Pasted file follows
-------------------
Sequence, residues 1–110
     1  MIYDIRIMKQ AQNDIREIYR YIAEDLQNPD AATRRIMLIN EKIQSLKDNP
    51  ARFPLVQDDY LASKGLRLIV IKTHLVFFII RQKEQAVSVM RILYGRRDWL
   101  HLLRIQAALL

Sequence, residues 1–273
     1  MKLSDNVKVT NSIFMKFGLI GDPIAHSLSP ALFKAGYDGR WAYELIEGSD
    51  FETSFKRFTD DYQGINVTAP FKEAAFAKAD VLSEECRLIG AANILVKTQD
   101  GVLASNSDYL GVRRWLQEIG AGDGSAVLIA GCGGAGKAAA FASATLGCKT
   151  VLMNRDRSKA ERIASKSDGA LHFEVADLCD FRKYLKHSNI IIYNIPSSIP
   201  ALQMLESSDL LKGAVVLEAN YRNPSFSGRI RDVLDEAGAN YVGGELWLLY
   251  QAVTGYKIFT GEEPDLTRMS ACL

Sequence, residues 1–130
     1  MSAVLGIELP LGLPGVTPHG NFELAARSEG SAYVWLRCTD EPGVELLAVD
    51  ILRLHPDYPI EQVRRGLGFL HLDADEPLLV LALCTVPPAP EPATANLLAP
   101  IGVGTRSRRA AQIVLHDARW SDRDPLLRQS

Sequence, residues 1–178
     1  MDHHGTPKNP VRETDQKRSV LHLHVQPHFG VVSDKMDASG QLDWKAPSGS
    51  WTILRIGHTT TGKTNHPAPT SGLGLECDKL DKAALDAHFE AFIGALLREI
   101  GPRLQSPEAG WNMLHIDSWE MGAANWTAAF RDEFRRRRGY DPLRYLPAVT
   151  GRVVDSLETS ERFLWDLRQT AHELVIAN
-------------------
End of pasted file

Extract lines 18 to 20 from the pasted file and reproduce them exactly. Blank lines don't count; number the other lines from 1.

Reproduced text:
    51  WTILRIGHTT TGKTNHPAPT SGLGLECDKL DKAALDAHFE AFIGALLREI
   101  GPRLQSPEAG WNMLHIDSWE MGAANWTAAF RDEFRRRRGY DPLRYLPAVT
   151  GRVVDSLETS ERFLWDLRQT AHELVIAN